The Drop Inn Center’s new location does offer more space. And when you’re bursting at the seams in your existing location, a newly renovated place looks mighty inviting. But why is it advantageous to move those homeless from their friends and neighbors, from the newly renovated Washington Park, from the establishments they frequent such as Our Daily Bread, Venice on Vine or Tucker’s Restaurant, from the services they need such as the City’s Elm Street Health Center and Dental Clinic, in short, from the neighborhood they call home too? Queensgate seems to be the new Oklahoma territory, and I-75 is the new Mississippi River.

Second is the question of zoning and whether a shelter is even an allowable use on the proposed site. Perhaps the zoning code recognizes that such a desolate setting is not fit for human residence.

Third, it’s hard to disregard how 3CDC and the city sweep away the longstanding intent of thousands of donations, large and small, given by a wider community to build and support the Drop Inn Center in its Over-the-Rhine location.

Fourth, violating ordinances and city plans seems not to concern the City or 3CDC. After all, actively organizing to remove the Drop Inn Center since 2010 puts these two entities in violation of the Over-the-Rhine Comprehensive Plan of 2002. Espoused goals of that plan are to displace no one and make housing-related services available for all residents at all levels of income.

Just how many plans, ordinances, funding commitments and zoning regulations must be sidestepped by the city and 3CDC before citizens of Cincinnati call them to account? It is apparently more important to remove people who are homeless from view than to honor the instruments of civility, public process and perhaps the rule of law.

What is to be learned?

Curnutte writes that “no formal agreement has been signed yet.” While a fact, that does not give me hope that the decision will be reversed. So if this goes through, what lessons can Cincinnatians draw from this sordid episode?

Do the oft-trumpeted ideals of “mixed-income development” and “economic mix” have any real meaning here in Cincinnati? Certainly the principles and practices don’t match. With the DIC’s displacement, such lofty goals appear to be cover, veiling the actual city-corporate game plan to remove and erase “undesirables” from public exposure. And, of course, this has been going on for quite some time now; consider the demolition of the Milner Hotel in 1995 and its elimination of roughly 120 units, or the Metropole Apartments and the displacement of 223 units, or the straight up assault on the Anna Louise Inn and its removal to another isolated location. The professed sincerity for those homeless and least empowered in Cincinnati is contradicted outright by these naked practices of a powerful city-corporate alliance.

Building the “beloved community” just got harder. Mary Burke Rivers, executive director of Over-the-Rhine Community Housing, recently said this eloquently: “For decades, the Drop Inn Center was a community-owned asset. If this was not literally the case, it felt that way. It was for years the hub of caring and community development in Over-the-Rhine. Not that it was the only place, but out of that place many people were healed and many people gave birth to dreams of a better world. From the Drop Inn Center, the Greater Cincinnati Coalition for the Homeless, ReSTOC and Over-the-Rhine Housing Network were born, and Peaslee Neighborhood Center and the Contact Center were supported. Many activists gathered there to support workers’ rights, women’s rights, voting rights and, importantly, social and economic justice.”4 The colorful garment that is Over-the-Rhine is now fraying, a vital thread of its history unraveling, making it difficult for the rich history of the Drop Inn Center to contribute to the community’s future.

Removing the Drop Inn Center will be the neighborhood’s loss. The ethic my students and I have learned from the community – from the buddy grays, the Bonnie Neumeiers, the Mike Rogerses, the Tom Lees, the Alice Skirtzes, the Mary B. Riverses, the Andy Hutzels, the Cassandra Barhams and the so many others over the years who have devoted their lives to Over-the-Rhine – is this: “Seek out those most vulnerable and oppressed so that you may learn how to live.” That is a powerful challenge, reminiscent of Dr. Martin Luther King’s “beloved community,” built around its core principle of “radical empathy.” Empathy, of any kind – let alone radical – is in short supply in Cincinnati these days, and its development in Over-the-Rhine will be impossible when those homeless are segregated by geography, removed from our conscience because they are removed from our consciousness (out of sight, out of mind). To paraphrase Dr. King, I doubt if the systemic dimensions and problems of homelessness will have a great chance to be solved until those of greater wealth, through genuine empathy, come to feel the ache and anguish of the daily lives of those homeless.5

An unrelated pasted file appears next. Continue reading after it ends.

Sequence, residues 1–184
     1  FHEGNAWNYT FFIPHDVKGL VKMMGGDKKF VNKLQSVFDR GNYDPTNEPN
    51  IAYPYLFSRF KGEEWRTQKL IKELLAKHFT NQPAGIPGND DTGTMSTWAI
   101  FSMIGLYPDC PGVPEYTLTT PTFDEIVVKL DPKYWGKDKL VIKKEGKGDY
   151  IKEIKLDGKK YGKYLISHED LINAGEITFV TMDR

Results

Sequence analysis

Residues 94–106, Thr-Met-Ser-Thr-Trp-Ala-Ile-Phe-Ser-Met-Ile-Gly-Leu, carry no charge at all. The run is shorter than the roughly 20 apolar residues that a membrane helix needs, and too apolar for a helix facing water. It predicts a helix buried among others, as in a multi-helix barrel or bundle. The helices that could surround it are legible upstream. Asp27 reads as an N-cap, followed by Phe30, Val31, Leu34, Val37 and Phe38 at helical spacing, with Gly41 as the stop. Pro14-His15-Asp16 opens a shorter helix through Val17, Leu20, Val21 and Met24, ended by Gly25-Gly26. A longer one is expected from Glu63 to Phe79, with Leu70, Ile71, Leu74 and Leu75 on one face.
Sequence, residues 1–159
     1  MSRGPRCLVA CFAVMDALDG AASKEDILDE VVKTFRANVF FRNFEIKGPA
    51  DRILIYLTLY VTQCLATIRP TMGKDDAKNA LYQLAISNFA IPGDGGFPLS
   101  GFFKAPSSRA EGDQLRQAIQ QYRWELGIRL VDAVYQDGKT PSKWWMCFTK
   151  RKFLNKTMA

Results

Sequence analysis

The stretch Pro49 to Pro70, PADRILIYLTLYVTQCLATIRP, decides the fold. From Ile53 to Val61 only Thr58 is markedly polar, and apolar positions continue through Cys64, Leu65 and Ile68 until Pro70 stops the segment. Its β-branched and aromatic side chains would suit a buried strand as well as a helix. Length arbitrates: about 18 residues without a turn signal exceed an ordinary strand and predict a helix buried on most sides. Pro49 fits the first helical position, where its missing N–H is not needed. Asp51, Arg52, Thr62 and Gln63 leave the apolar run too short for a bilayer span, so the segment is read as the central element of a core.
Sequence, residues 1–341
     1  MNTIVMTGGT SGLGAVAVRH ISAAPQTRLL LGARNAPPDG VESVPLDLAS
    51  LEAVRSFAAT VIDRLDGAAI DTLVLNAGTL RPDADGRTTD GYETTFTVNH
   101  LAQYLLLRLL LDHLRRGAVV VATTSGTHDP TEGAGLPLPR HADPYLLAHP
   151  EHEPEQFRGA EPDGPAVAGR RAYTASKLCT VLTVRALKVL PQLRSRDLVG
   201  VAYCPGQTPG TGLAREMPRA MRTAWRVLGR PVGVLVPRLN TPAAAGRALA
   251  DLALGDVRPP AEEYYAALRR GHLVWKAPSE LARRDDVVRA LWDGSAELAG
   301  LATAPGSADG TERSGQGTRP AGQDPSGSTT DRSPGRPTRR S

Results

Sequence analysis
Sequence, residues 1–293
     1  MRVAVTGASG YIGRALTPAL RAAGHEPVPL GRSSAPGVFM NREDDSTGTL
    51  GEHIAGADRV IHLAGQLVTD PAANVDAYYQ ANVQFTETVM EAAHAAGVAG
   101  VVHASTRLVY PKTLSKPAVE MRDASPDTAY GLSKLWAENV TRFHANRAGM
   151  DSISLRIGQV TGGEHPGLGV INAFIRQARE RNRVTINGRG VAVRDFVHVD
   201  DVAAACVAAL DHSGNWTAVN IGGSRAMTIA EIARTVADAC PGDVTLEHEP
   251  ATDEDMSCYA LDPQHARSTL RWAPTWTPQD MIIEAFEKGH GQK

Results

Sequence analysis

The Future of Over-the-Rhine?

Imagine a press release five years hence?

December 1, 2018

“3CDC today says that it will shut itself down. After having reached all its goals in development, the nonprofit organization – the spearhead of corporate power in Cincinnati – says there is nothing left to do. Executive Director Stephen Leeper said today: ‘With our Gateway 23 project now completed, all the buildings in Over-the-Rhine have been renovated with market-rate condos and upscale restaurants, and there are no real estate nor profit-producing sites left to develop.’ In a related story, the Drop Inn Center, an organization that would like to close because homelessness had actually ended, says that its population has increased tenfold.”

But with the Drop Inn Center safely ensconced away from the new white, middle-class, urban playground … who knew?

Econocide.

Mission accomplished.

NOTES

1 The theoretical heart of Econocide is spelled out in the chapter “Like Genocide, So Econocide.” What worries Skirtz, and should worry everyone, is that in a world objectively more and more unequal, “notions that poor people pose ‘perceived or symbolic’ threats to a larger, more privileged community set the stage for their exclusion from the universe of obligation.” Alice Skirtz, Econocide: Elimination of the Urban Poor (Washington, DC: NASW Press, 2012). See my review, posted October 29, 2013.

2 Peter Buffett, “The Charitable-Industrial Complex,” The New York Times

3 Thomas A. Dutton and Chris Wilkey, “From the Continuum of Care to Strategies to Care Less: From the Anna Louise Inn to the Drop Inn Center?” StreetVibes (May 24-June 6, 2013).

4 Mary Burke Rivers, “#Giving Tuesday,” (posted November 27, 2013).

5 Dr. Martin Luther King Jr., Where Do We Go From Here: Chaos or Community (Boston: Beacon Press, 1968), p. 107.